It is entirely reasonable to speculate that any patient with ME/CFS could have an additional psychological component that adds to her or his difficulties, just like patients with any other long-term chronic disabling illness. In the past there has been much emphasis on the idea that these components are the major, if not the sole causes of ME/CFS, but the evidence from the PACE trial clearly suggests that the average contribution that they make to the severity of the illness is small. The report states that there was no significant difference in the pattern of results of those meeting international criteria, those meeting the London criteria, and those meeting their depressive disorder criteria, which suggests that the extent of these psychological components is not specific to any one of these diagnoses.

The animated graphic in section 3-details emphasises that it is likely that, for the majority of patients, these psychological components are small, with just a few (say 2 in 15) for whom the component is significant. Until the individual data is available, speculation is difficult, but the weak average effect certainly casts major doubt on the present psychological model. Of course, it is also possible that the patients who improved simply had a spontaneous remission, which is not unknown, especially in people who are within the first year of having ME/CFS (although it is hard to find any reliable data on this).

A study in 2001 by Ridsdale et al. found that counselling was as effective as CBT in reducing symptoms of fatigue in patients. Their patients had lower average baseline scores on the Chalder Fatigue scale than those in the PACE trial (and it must be emphasised that only a quarter of them met research criteria for chronic fatigue syndrome). In the PACE trial, the patients in the group who only had 4 or 5 sessions of Specialist Medical Care recorded greater average improvement than the extra improvement "added on" by the 12 or so extra therapy sessions of CBT or GET. The obvious question to ask is, what form of help did the SMC sessions give to the patients? Without a control group, it is impossible to assess how much was caused simply through familiarisation with the system. Equally, the help with pain control and sleep would have produced benefits. But if those patients who showed the greatest overall improvement in the GET and CBT groups matched the profile of those in the SMC group who also showed the greatest improvement, it would suggest that these improvements were not due specifically to GET or CBT, but to something that they, SMC and counselling have in common.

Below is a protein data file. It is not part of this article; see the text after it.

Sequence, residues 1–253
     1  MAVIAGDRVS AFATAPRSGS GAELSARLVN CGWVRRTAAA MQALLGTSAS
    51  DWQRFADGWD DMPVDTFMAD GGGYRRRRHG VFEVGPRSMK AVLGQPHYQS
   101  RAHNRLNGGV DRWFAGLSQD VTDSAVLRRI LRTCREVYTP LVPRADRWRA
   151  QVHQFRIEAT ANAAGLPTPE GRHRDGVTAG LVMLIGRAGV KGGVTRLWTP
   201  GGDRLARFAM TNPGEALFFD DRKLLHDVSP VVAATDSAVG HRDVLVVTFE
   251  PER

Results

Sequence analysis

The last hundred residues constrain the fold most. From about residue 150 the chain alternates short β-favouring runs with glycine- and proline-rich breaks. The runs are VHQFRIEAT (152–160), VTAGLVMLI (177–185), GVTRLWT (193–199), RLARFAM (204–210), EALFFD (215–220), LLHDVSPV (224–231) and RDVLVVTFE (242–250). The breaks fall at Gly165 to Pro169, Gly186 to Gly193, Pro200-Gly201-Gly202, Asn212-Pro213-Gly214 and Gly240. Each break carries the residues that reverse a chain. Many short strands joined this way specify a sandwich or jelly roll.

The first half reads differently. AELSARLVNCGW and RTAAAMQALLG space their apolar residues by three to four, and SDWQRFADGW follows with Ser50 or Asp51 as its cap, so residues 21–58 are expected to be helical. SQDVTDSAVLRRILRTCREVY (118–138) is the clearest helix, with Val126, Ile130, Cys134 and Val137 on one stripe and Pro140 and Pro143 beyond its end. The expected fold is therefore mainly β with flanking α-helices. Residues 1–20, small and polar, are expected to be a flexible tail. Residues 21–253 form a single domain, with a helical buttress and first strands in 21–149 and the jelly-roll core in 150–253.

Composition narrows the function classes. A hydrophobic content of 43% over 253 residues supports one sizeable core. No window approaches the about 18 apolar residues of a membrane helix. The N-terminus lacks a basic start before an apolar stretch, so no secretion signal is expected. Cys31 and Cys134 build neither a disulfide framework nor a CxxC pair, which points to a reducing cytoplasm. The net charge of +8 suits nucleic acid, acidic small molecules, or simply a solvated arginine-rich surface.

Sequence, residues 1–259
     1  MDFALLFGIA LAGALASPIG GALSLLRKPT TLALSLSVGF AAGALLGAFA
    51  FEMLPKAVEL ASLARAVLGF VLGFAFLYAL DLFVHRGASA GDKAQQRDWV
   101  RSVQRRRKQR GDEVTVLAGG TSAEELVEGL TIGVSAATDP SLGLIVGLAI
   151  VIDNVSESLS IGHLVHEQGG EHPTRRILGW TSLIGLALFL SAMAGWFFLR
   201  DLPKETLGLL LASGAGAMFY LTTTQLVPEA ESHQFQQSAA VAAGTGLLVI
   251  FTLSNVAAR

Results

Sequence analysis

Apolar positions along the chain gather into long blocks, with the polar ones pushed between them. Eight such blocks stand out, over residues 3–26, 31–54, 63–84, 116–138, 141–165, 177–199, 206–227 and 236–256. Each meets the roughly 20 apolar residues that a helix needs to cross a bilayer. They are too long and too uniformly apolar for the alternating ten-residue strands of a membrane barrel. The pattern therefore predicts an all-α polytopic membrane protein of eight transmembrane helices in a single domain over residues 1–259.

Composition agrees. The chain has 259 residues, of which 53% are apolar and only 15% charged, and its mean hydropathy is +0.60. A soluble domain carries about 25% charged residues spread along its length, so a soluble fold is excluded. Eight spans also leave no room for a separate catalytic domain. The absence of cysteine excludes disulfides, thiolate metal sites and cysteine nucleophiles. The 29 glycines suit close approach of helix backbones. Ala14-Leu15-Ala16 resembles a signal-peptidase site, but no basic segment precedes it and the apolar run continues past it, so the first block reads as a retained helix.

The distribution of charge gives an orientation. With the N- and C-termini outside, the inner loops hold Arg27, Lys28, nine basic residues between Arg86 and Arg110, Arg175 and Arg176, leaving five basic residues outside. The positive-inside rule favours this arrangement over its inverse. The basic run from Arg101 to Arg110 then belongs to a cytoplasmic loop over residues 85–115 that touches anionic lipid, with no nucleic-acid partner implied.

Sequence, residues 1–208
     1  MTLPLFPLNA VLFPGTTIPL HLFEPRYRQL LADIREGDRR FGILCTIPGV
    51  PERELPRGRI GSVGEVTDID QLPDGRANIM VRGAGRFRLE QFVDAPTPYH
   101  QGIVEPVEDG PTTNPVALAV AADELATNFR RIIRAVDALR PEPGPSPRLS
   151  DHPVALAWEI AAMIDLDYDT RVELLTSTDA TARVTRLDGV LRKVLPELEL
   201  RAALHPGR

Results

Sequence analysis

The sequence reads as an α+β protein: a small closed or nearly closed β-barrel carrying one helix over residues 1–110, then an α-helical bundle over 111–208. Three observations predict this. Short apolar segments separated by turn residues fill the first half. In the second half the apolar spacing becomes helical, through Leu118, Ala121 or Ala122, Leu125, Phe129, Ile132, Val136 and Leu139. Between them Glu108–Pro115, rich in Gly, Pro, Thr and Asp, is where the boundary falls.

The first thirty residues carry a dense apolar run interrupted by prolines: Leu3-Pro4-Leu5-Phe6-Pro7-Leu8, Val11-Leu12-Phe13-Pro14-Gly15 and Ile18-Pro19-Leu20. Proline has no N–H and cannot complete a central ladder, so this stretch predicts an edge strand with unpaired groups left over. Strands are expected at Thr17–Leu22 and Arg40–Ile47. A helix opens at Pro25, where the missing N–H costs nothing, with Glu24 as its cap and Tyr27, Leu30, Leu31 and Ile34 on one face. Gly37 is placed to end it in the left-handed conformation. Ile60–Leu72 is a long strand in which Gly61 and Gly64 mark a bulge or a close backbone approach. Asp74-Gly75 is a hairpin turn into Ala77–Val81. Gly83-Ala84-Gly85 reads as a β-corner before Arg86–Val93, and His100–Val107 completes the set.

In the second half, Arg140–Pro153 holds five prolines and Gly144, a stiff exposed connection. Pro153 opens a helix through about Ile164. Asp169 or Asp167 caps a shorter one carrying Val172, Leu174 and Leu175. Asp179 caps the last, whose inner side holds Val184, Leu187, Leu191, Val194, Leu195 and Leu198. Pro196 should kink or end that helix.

In 2002, a report published in the British Journal of Psychiatry by Bentall et al. found that patients who were members of a support group showed less improvement to the treatment given than those who were not members of a support group. They then made the illogical conclusion that membership of a support group probably caused poor motivation and resistance to the therapies. Of course, the exact opposite picture of support groups is also possible from the same data – that membership of a self help group had already taken these patients part-way down the route to improvement leaving less to be done, and this conclusion would now, in the light of the results in the PACE trial of the SMC groups, seem to be the more rational one. It is unfortunate that prejudice against such groups clearly coloured the conclusion.

One of the factors that causes so much disquiet amongst patients with ME/CFS is that CBT and GET are assumed to be relevant to everyone without there being a specific attempt to measure their individual need. It has been suggested many times that many patients with ME are resistant to a diagnosis of psychiatric illness (e.g. an interview with Prof Wessely on the Today programme). We feel that this is not the case, but the problem lies in the fact that such a diagnosis is not made, but is simply assumed.

Often, when considering whether an approach is reasonable, it is illuminating to transpose it into a very different situation. We all know that there are a few people who frequent doctors' surgeries for trivial reasons. Let's give this a name Doctor Dependency Syndrome and suggest that it is the result of inappropriate levels of sympathy being given by a doctor. We will devise an appropriate training sessions for doctors on that basis Gradational Empathy Training carry out a few tests on small numbers of volunteer doctors, and assess its effectiveness by means of questionnaires about their attitudes at the start and the end of the course. If the results show a statistically significant improvement in doctors' attitudes (but not necessarily in the number or frequency of DDS visits), then the training will be rolled out across the country for all doctors who have patients with DDS, and will entail a series of afternoon monthly sessions run by counsellors trained to deliver this treatment. Now the big question: Would the response of doctors be more or even less enthusiastic than the response of ME/CFS patients to the assumption, without a specific diagnosis, that they have psychological problems?

It is time that such assumptions came to an end.



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